A scaffold is a temporary structure consisting of large wooden planks and metal poles that are used to reach different sections of a building usually taller than a story high. The scaffold is placed around a building to allow workers to carry material upward and move around the different sections of the building with ease. According to OSHA, the scaffold is used by approximately 65% of all construction workers which is why OSHA carefully inspects any scaffolding project.

Slipping and falling off of a scaffold structure can lead to death depending on the height of the structure and where the person lands. For this reason, employers are held to a high level of responsibility if an employee trips or falls out of a scaffold structure. Even if the employee was not directly hired by the construction manager or overseer, and if the employee or a person falls due to a scaffold violation, the employer is considered responsible for building a faulty structure.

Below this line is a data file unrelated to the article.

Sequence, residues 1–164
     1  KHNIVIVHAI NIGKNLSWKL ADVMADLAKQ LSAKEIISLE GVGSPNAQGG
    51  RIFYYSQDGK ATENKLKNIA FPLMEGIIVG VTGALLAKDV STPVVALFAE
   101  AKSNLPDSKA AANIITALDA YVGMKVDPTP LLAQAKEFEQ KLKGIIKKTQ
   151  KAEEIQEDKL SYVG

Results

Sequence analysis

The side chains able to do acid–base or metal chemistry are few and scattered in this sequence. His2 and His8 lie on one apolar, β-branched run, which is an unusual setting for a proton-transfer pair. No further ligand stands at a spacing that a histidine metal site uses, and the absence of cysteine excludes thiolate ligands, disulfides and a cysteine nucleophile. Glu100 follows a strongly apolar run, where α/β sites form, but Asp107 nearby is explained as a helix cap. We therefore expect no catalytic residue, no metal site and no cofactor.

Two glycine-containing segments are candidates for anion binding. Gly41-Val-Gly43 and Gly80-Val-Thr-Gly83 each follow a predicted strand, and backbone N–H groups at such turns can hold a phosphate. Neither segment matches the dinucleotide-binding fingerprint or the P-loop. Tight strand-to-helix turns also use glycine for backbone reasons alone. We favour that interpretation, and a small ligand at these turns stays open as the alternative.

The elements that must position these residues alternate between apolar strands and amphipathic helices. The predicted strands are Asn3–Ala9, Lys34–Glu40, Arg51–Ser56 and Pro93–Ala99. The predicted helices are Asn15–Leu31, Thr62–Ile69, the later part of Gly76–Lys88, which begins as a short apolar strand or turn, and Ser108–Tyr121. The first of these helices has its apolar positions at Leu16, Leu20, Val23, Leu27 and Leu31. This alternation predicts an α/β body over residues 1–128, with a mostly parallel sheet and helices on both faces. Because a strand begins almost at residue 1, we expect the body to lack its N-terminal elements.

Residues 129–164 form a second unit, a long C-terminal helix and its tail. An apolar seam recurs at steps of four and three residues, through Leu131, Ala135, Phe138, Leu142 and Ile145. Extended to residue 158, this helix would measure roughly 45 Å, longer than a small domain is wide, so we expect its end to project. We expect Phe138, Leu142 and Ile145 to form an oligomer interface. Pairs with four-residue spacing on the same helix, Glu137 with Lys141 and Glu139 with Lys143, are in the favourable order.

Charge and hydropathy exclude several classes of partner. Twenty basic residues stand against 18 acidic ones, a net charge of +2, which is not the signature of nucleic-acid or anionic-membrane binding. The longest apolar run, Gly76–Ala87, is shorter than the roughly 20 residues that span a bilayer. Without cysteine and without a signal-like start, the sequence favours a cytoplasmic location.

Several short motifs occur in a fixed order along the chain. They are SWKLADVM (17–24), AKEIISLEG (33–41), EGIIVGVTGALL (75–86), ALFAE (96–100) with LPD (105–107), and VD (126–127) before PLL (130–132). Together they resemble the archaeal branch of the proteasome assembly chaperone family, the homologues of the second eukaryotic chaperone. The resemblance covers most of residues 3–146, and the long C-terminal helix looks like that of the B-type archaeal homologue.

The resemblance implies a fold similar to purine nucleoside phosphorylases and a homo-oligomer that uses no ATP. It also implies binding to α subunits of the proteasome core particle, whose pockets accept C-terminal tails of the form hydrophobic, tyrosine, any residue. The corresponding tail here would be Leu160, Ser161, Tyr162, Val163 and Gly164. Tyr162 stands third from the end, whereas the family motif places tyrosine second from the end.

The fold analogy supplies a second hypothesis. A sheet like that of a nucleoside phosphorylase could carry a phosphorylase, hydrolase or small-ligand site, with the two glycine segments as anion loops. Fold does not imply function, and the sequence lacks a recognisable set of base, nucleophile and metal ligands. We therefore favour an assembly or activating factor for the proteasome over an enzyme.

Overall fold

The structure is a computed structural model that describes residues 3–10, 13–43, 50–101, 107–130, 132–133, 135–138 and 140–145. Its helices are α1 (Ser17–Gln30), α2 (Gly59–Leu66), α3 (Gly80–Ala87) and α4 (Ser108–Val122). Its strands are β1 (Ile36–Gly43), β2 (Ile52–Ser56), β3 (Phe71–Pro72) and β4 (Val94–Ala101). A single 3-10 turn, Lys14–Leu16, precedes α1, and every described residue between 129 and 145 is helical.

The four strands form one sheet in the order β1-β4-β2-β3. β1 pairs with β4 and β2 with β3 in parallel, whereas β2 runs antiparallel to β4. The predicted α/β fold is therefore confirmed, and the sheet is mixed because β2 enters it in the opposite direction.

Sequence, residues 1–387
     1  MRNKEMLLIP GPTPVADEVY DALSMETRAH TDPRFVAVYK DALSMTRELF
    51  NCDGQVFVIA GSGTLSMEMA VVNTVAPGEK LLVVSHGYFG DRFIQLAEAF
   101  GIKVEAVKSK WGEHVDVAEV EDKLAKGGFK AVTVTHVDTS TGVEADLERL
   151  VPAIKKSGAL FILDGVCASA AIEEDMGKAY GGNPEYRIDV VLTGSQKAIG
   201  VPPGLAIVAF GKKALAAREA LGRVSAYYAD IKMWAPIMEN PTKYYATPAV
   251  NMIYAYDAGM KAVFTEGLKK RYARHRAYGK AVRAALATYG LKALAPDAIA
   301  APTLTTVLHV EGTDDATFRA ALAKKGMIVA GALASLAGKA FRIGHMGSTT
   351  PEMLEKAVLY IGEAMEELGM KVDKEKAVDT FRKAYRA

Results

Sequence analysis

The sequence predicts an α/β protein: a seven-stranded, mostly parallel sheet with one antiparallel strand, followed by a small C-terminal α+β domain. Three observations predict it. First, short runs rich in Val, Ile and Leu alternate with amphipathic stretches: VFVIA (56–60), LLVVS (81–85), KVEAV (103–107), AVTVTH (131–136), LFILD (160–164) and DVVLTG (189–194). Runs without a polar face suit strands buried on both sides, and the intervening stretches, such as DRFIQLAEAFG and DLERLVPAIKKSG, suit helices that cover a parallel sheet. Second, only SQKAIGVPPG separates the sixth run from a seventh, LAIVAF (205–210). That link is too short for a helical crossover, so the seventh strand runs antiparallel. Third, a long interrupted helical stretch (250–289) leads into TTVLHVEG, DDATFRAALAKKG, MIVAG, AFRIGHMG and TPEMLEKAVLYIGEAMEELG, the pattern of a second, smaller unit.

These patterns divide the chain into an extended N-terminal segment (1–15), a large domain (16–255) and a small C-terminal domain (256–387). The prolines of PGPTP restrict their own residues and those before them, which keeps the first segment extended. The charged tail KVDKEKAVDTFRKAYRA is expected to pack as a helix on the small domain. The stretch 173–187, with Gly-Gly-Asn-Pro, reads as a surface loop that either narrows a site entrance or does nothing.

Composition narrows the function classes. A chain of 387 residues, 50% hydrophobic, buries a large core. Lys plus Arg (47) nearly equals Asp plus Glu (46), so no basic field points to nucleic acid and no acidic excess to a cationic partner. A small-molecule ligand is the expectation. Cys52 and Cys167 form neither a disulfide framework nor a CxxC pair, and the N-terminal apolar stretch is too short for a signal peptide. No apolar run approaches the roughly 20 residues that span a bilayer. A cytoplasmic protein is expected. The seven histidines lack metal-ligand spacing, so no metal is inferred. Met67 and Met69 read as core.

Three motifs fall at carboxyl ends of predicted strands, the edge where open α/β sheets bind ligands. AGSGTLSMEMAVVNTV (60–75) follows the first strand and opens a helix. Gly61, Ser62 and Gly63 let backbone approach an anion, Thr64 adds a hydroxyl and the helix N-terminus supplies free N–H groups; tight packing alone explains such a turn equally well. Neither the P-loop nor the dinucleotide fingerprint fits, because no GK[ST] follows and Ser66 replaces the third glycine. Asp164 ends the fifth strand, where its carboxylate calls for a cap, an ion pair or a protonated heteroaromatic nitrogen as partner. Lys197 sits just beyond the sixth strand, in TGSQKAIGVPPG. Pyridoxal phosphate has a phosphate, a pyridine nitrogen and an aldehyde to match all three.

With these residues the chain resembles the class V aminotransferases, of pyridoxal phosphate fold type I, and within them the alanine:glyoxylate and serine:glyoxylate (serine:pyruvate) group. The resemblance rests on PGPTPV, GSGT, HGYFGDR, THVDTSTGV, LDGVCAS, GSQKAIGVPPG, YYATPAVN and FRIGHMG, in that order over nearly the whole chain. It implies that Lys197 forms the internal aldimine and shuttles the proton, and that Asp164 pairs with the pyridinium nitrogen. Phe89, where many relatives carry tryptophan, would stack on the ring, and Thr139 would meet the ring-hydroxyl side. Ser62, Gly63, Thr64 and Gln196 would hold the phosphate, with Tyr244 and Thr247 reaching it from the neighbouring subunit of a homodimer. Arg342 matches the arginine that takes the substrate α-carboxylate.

Injuries resulting from faulty scaffold structures are common and are dealt with differently by OSHA if an employee dies or is injured. These issues may involve third parties that may be liable for your injury. In these cases, you may be entitled to a higher compensation.

Construction Injuries and Workers Compensation

Workers compensation laws protect both the employee and employer in the event of a work-related injury. It protects the employees right to file for disability and medical coverage while it protects the employer from being sued for a work-related injury resulting from the workers' negligence or employers own negligence.